A private who has pleaded guilty to abusing a detainee in Afghanistan, said his sergeant ordered a detainee to roll on the ground and kiss his boots as another soldier stood by and watched.
Sergeant Joshua Claus, a military intelligence interrogator with the 519th MI Battalion at Fort Bragg, North Carolina, is accused of mistreating prisoners and lying about it.
He has previously said he plans to plead guilty to the abuse allegations when his case goes to trial on Wednesday.
Private Glendale Walls, who said Claus ordered a detainee to kiss his boots, pleaded guilty in August to abusing a detainee who later died, and standing by as Claus and another soldier did the same thing.
According to army documents, Claus is charged with maltreatment, making a false official statement and assault.
He is accused of forcing water down the throat of a detainee known as Dilawar and tightly twisting a hood over the man's head.
He is also accused of mistreating another unidentified detainee.
Dilawar died at the Bagram Airfield detention centre in December 2002.
At least six soldiers have been accused of abusing Dilawar. No one has been charged with causing his death.
A number of detainees are held
at the Bagram army base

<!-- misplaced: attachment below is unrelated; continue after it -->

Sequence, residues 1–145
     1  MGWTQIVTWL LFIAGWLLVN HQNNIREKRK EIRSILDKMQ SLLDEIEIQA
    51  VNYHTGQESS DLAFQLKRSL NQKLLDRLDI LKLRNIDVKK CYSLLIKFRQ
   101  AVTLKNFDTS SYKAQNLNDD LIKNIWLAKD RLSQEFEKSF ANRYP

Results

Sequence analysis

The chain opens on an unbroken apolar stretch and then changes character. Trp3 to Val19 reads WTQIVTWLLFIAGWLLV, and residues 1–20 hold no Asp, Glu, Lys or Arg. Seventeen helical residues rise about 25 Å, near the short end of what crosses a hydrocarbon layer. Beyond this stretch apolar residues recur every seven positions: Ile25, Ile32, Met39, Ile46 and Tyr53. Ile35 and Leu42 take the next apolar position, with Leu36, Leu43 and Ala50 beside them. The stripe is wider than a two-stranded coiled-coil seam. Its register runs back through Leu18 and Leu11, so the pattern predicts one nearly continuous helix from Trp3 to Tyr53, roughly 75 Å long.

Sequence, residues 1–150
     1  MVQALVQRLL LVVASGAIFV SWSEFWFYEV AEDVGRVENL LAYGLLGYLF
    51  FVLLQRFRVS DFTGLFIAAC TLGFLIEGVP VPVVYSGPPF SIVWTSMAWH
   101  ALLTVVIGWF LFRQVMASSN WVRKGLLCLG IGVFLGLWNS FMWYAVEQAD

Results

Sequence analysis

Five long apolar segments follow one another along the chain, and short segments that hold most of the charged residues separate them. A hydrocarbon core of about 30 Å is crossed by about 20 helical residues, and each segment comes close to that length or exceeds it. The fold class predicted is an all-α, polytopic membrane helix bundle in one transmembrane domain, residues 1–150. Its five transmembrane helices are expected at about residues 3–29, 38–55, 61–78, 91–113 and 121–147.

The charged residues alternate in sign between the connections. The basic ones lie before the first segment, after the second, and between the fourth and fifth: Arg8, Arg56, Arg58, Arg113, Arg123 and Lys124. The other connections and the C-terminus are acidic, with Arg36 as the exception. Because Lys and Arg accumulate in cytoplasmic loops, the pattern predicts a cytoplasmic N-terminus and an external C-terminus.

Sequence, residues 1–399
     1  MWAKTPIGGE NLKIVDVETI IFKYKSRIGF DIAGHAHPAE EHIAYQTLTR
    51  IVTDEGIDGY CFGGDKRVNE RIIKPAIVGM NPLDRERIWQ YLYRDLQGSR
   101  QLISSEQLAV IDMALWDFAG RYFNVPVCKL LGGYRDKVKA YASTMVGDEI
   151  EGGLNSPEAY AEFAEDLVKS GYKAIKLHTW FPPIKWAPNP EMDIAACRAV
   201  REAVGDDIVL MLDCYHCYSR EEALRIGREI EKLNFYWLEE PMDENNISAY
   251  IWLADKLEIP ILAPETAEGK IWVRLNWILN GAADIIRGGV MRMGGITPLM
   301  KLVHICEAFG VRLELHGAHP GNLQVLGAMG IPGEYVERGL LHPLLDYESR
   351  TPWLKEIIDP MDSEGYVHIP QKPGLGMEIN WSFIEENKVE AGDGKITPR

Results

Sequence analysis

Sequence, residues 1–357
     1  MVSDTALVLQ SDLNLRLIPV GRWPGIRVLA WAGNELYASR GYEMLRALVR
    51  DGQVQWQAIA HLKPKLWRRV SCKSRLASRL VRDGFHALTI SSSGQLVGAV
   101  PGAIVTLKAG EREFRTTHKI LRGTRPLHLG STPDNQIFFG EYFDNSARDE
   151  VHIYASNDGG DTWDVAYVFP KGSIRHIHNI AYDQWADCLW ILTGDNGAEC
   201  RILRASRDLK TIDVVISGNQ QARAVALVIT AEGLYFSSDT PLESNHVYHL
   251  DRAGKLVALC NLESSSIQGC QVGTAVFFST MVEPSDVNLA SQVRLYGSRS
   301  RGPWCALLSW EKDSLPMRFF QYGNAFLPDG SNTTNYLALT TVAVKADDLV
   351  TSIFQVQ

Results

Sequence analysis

Claus is among nine enlisted soldiers originally charged in the abuse investigation sparked after two detainees died at the Bagram facility.
Claus, Walls and another soldier were from the Fort Bragg MI battalion, while the other six were reservists with the Cincinnati-based 377th Military Police Company.
Charges against five other reserve soldiers, including Captain Christopher Beiring who commanded the reservists at Bagram, were announced earlier this month.
A detainee known as Habibullah died in early December 2002, just days after arriving at the facility.
Dilawar, who was brought to Bagram the day after Habibullah died, was found dead in his cell about a week later.
Two soldiers, reservists from the Cincinnati-based unit, were acquitted earlier this month of charges that they beat Habibullah and later lied about it.
Another of the Ohio reservists was given a letter of reprimand for dereliction of duty after criminal charges against him were dropped.